High-Quality Copper Oxide Crystals Synthesized for Quantum Photonics

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Researchers from KTH Royal Institute of Technology report that they have developed a scalable production method for cuprous oxide (Cu2O) micrometer-size crystals. Also involved in the study were the Institute of Solid State Physics; Graz University of Technology, Austria; and Laboratoire d’Optique Appliquée Ecole Polytechnique, Palaiseau, France.

“The unique properties of Cu2O can lead to new schemes for quantum information processing with light in the solid state, which are difficult to realize with other materials,” said Stephan Steinhauer, a researcher in KTH’s Quantum Nano Photonics group. “This work paves the way for the widespread use of Cu2O in optoelectronics and for the development of novel device technologies.”

To synthesize the crystals, a copper thin film is heated to high temperatures in vacuum conditions. In their study, which was published in Communications Materials, the researchers at KTH took this method and identified the growth parameters to achieve Cu2O microcrystals with optical material quality.

The process is compatible with standard silicon fabrication techniques and allows the possibility for photonic circuit integration.

“The majority of quantum optics experiments with this material have been performed with geological samples found in mines, for instance, the Tsumeb mine in Namibia,” Steinhauer said. “Our synthesis method is associated with very low-cost fabrication, suitable for mass production, and does not require gases or chemicals that are toxic or harmful for the environment.”

Steinhauer said the work lays the foundation for realizing quantum technologies based on solid-state Rydberg excitations, which are excited quantum states with high principal quantum number.

According to Steinhauer, these excitations can be interfaced with photonic integrated circuits, aiming at on-chip generation and manipulation of light at the single-photon level.

“Exciting challenges lie ahead to translate quantum information processing and quantum sensing schemes previously developed for Rydberg atoms into the solid-state environment of a semiconductor crystal at the micrometer or nanometer scale.”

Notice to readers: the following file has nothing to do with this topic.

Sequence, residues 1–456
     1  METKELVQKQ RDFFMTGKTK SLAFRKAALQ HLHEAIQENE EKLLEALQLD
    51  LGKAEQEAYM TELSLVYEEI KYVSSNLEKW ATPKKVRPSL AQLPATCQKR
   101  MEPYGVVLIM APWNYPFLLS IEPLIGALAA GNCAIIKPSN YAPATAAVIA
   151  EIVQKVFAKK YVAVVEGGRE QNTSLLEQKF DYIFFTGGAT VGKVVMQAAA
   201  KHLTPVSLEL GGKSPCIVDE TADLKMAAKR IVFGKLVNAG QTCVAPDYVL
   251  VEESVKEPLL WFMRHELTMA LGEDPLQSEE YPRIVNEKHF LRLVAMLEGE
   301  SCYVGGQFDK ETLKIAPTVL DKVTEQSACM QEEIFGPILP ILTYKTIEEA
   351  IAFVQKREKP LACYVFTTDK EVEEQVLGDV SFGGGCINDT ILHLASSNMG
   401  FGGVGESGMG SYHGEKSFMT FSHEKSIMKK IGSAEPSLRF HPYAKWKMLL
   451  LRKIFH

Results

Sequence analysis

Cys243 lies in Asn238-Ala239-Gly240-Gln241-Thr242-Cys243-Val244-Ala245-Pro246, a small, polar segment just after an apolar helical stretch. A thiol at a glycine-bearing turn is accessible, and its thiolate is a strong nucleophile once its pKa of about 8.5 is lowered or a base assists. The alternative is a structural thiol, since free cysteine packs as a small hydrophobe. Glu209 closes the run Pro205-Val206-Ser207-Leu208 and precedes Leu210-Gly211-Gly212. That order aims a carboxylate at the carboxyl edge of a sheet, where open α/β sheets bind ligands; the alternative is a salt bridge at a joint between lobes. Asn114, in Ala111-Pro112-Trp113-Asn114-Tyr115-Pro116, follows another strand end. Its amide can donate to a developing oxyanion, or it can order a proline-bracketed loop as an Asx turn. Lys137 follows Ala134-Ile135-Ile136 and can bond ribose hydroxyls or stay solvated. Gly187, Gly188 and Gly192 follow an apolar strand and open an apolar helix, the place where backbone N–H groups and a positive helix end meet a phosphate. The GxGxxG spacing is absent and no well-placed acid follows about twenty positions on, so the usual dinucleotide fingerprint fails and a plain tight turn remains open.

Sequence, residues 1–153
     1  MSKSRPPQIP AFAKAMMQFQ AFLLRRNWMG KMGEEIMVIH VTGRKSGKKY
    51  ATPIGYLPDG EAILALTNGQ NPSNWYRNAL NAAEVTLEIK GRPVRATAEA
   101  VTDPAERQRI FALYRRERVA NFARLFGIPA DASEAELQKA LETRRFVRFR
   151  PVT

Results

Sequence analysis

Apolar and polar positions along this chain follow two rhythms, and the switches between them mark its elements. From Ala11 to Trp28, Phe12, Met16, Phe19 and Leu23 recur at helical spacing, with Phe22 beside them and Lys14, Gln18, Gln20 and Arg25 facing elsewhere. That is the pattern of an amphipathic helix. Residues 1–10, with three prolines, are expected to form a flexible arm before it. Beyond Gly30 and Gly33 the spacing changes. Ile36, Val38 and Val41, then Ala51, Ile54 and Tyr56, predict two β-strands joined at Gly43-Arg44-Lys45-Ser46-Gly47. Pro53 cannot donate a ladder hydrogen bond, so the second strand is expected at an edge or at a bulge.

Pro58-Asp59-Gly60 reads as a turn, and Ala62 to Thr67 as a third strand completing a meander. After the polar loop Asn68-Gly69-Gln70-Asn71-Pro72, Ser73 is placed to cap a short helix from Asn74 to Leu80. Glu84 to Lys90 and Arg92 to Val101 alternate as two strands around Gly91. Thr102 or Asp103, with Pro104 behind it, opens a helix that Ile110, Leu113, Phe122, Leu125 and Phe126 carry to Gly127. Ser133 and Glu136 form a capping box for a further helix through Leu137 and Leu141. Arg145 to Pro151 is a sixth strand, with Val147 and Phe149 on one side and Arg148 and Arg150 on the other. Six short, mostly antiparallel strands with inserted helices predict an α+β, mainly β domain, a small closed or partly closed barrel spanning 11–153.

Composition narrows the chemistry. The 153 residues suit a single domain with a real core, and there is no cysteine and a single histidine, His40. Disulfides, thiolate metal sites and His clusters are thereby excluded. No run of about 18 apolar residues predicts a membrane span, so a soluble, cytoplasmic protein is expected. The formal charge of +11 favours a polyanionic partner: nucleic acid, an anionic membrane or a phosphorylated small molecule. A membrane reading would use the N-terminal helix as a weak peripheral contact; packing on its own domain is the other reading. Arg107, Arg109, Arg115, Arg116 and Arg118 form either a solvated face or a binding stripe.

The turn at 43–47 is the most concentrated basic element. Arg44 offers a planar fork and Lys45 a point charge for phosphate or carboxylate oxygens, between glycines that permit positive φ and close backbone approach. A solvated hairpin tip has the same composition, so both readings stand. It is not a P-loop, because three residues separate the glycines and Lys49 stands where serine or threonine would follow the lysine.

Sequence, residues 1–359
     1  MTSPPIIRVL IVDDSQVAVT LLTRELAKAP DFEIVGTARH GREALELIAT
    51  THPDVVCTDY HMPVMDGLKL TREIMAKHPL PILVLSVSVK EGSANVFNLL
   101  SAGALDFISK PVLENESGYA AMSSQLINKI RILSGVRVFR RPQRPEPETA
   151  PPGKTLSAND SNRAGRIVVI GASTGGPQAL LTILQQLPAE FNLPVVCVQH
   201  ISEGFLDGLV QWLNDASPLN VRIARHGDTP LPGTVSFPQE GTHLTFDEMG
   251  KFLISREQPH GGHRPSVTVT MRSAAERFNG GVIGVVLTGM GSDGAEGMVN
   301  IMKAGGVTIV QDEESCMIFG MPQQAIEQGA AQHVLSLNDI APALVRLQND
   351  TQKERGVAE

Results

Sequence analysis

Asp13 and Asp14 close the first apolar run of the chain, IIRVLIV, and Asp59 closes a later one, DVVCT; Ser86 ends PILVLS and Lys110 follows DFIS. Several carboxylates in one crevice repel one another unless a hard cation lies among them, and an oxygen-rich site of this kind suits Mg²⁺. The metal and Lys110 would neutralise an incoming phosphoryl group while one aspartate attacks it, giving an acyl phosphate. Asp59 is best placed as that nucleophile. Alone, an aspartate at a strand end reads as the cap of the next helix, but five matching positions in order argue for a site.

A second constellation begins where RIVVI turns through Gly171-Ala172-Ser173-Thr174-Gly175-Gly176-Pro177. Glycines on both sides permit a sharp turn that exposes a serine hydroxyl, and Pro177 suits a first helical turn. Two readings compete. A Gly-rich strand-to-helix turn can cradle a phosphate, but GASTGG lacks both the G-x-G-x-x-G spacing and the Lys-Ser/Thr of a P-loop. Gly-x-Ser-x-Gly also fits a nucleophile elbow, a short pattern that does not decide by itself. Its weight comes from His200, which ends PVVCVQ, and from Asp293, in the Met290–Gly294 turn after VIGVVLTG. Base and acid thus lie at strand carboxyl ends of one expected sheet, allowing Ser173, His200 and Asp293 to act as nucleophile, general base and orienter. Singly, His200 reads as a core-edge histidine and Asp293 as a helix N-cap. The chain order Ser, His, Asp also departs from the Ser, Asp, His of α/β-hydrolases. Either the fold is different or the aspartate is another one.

Published: April 2020
The term quantum refers to the fundamental unit or discrete amount of a physical quantity involved in interactions at the atomic and subatomic scales. It originates from quantum theory, a branch of physics that emerged in the early 20th century to explain phenomena observed on very small scales, where classical physics fails to provide accurate explanations. In the context of quantum theory, several key concepts are associated with the term quantum: Quantum mechanics: This is the branch of...
Nanophotonics is a branch of science and technology that explores the behavior of light on the nanometer scale, typically at dimensions smaller than the wavelength of light. It involves the study and manipulation of light using nanoscale structures and materials, often at dimensions comparable to or smaller than the wavelength of the light being manipulated. Aspects and applications of nanophotonics include: Nanoscale optical components: Nanophotonics involves the design and fabrication of...
quantum optics
The area of optics in which quantum theory is used to describe light in discrete units or "quanta" of energy known as photons. First observed by Albert Einstein's photoelectric effect, this particle description of light is the foundation for describing the transfer of energy (i.e. absorption and emission) in light matter interaction.
Research & TechnologyInstitute for Solid State Physicsquantumnanophotonicsmicrocrystalsquantum opticscopper oxideEuropecrystalssilicon photonicsphotonic integrated circuitsTech Pulse

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